Taos: Interesting little flick about a rural Korean serial killer. Don’t feel bad if you haven’t heard of it.


Taos: This was the first musical to prove itself as a legitimate storytelling medium. The songs are memorable and the performances are great. Totally earned the Oscar that year.

David: I’m not a musical kind of guy. Leave that shite to kiddy pictures and Kevin Smith. Who by the way, though I’m regretting not including Clerks 2, doesn’t make our list. But one fantastic fucking honorable mention goes out to SModcast. A round of applause, everyone!  [Editor’s note:  what the hell is up with that random Taye Diggs cameo at the end of the trailer?]


David: In composing our list of 50 films, this was the one that made me stop and say, “I want to watch this again right this moment.” Roger Ebert’s immediate response, as it occasionally is, was absolutely accurate. It’s the best movie Eastwood has ever directed, better than Unforgiven even. This month-long production is a master class. If you afford it the label as I do, it’s the best ‘boxing’ movie ever made. And to top it all off:  has a damn perfect ending.  (I haven’t seen Ray, so I can’t yet say, but I also believe this to be Eastwood’s best performance and thought it should’ve been awarded as such.)

Taos: Not so enjoyable knowing the liberties taken with the true story. Almost a disgrace to the actual person. Still, Eastwood is amazing as always on both sides.

And, even though it’s just a dash down the page, in case you’ve missed it so far, here’s Part 1.

That first section with so little dialogue really proves Pixar’s ability for storytelling. Plus, the frickin guy is heartwarmingly adorable.

Brittany Murphy passes away at 32

December 21, 2009


This is just insane.  Far too young.  😦

Our prayers go out to her and her family.

Top 50 Movies of the Decade – part 1

December 20, 2009

Starting today and continuing through New Year’s Eve, Something Offensive will be unveiling its official TOP 50 MOVIES OF THE DECADE list.  (Referring to the 2000s here, McFly.)  We’ll provide our brief, individual explanations for each selection as they’re posted.  Readers are encouraged to comment on the films, ask questions about why we chose what we did or ask questions about the films themselves, and finally, to offer up their own suggestions for great films released these last 10 years.  And once we’ve revealed our five favorite stories of The Oughts, we’ll post the entire list for your perusal.

The list was composed by way of an overly complex voting process not even Taos or I comprehend.  All we know for sure is that these are movies we endorse  with hooker moneys.

Before we break any cineastes’ hearts, know it skews more toward populist fare.  Also:  all foreign films require subtitles + the original language audio track. Don’t even bother if you’re unwilling to go this route.  We’re linking a trailer with each entry; be forgiving of the non-American ones as their international trailers are often terrible.  One final caveat:  the list was conceived and completed prior to Avatar.  Cameron’s pic is a stunning experience that should be seen by everyone, but it simply couldn’t be included at this time.  But fret not.  After the holiday cheer begins to subside, there’ll be a subsequent list featuring the 3-D Na’vi and other excellent works that didn’t make this first cut for whichever of a variety of mysterious reasons.

So then, let us begin…


David: I think what makes Assassination so powerful is all that it suggests.  Poetry in pictures and song, of menace and tragedy.  Grueling suspense wrapped up tightly in the hungry stares of its distressingly rummaging actors.  Though its pace and narration may seem double-edged, the presentation nevertheless lingers cautiously, treading through a memory haunted and forgotten.

Taos: A delectable character study. Enhanced significantly by Nick Cave’s enchanting soundtrack. Do I need to mention Casey Affleck and Brad Pitt too???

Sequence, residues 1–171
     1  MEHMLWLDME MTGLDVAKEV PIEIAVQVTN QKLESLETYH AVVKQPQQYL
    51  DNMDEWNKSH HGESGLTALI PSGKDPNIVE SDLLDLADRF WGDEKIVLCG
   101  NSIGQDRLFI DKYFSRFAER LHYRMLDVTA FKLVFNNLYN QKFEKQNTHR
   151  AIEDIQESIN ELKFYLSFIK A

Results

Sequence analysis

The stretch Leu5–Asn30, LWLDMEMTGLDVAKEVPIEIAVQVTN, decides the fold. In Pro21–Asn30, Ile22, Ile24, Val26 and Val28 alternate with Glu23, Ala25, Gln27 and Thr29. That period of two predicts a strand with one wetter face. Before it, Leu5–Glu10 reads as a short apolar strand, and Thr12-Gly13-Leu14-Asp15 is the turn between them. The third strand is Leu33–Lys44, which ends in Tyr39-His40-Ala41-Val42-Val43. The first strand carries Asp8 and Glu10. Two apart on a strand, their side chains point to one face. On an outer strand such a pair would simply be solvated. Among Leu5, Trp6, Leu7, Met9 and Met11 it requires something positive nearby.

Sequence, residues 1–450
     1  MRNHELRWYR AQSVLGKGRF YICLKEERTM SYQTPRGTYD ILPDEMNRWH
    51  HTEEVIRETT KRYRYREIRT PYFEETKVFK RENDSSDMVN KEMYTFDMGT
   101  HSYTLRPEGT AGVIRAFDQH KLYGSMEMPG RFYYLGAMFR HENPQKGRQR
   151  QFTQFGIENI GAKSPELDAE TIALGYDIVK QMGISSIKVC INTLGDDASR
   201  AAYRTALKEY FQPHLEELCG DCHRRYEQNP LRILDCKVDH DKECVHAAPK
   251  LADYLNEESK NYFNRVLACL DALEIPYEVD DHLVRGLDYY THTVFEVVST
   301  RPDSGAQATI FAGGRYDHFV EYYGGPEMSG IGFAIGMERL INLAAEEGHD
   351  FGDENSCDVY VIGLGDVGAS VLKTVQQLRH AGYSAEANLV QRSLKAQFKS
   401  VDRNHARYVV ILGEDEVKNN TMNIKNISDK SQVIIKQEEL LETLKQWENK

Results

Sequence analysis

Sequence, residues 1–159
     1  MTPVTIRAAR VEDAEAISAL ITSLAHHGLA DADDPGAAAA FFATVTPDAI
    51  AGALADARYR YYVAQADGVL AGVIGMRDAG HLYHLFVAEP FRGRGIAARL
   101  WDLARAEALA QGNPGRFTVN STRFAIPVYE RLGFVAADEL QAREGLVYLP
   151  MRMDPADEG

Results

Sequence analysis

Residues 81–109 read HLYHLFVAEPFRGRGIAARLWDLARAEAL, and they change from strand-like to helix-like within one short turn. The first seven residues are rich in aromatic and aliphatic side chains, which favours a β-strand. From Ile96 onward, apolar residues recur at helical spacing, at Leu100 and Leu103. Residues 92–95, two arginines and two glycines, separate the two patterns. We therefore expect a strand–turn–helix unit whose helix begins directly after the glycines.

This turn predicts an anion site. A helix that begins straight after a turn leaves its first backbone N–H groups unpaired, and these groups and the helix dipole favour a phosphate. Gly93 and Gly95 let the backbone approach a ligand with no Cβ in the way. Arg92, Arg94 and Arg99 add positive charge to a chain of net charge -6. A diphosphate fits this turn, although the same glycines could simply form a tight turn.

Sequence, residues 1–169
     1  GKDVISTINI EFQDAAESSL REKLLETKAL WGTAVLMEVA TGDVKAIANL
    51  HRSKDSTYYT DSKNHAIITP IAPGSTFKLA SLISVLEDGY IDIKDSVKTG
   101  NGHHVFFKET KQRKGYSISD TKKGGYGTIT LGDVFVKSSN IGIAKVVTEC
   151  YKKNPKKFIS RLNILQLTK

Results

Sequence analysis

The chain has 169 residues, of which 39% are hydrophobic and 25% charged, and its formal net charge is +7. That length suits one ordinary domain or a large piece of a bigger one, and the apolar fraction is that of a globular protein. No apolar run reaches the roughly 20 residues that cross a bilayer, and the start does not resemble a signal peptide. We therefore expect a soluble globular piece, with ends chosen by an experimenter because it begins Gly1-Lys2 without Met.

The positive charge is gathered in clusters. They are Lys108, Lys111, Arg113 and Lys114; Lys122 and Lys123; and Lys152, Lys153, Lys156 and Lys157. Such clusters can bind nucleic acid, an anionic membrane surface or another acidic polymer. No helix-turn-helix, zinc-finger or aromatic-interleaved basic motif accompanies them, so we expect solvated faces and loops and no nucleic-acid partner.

Taos: Probably more symbolic of a younger psyche. Still, its impact on my quarter-life self is more than enough to receive a nod. One of my favorite non-scored soundtracks.

David: I think Taos and I are in agreement here. While the film has and continues to endure a not fully warranted backlash (I’m guessing thanks to the pandering, middling tide of Searchlight-esque labels arguably setting back the American independent movement), it has its obvious limitations. But placing all the bullshit aside, Garden State spoke to me at just the right moment in my life.  It sent me looking for better movies and considering a career making them, too.  I am left grateful.  Also:  Natalie Portman!  Natalie Portman, Natalie Portman, Natalie Portman.

Natalie Portman.


David: The discovery of Park Chan-wook, transitioning here from a skilled filmmaker into a full-blown artist.  (Does that sound cheap?  Forgive me.)  The frame is knicked in spots; a regrettable flaw fleetingly mars its end.  But Park finds, or more accurately, shares with us for the first time his voice beyond an EP.  Shocking to most, the director excavates something primal, both within us and in our classical literary roots.  And yet something new protrudes.  Old versus new, East/West, comedy/tragedy, right & wrong–therein lies Park’s cunning: the tension of conflicts.

Taos: Just your straight-up revenge fare here. Severely overshadowed by Oldboy, and I find that good.


Taos: This is what Scorsese won on? Aside from Jack’s overacting, it was good, but Aviator was so much more deserving.

David: Scorcese and writer William Monahan make fresh an already exciting concept in redrawing The Departed‘s appreciable if less knowing predecessor (Infernal Affairs; but let’s not distract ourselves with a trite Venn diagram dispute).  I do think its irreverence ultimately gets in the way of its staying power, but Scorcese and crew’s execution is formidable.  More movies should feature Vera Farmiga.


David: My second Hirokazu (following the delightful After Life), the director approaches his material with honest restraint while still finding wonder in life’s most overlooked of places.  Along with the effort of a terrific child cast, more immediately, Nobody Knows conveys a human quality often forgotten in the politics of adulthood, something that will deeply affect those with little ones close to their hearts.

Taos: I too do not know. Have not seen it.

Be sure to come back tomorrow to check out part 2!

Happy Bill Murray Birthday Day!

September 22, 2009

Mr. Murray in The Limits of Control

Happy Bill Murray Birthday Day!


I’m going to celebrate by watching The Razor’s Edge on Netflix Instant Play.  Possibly, too, Mad Dog & Glory if I can fit it in in time.

Bless you William James Murray, wherever you are.

(Go Cubs!)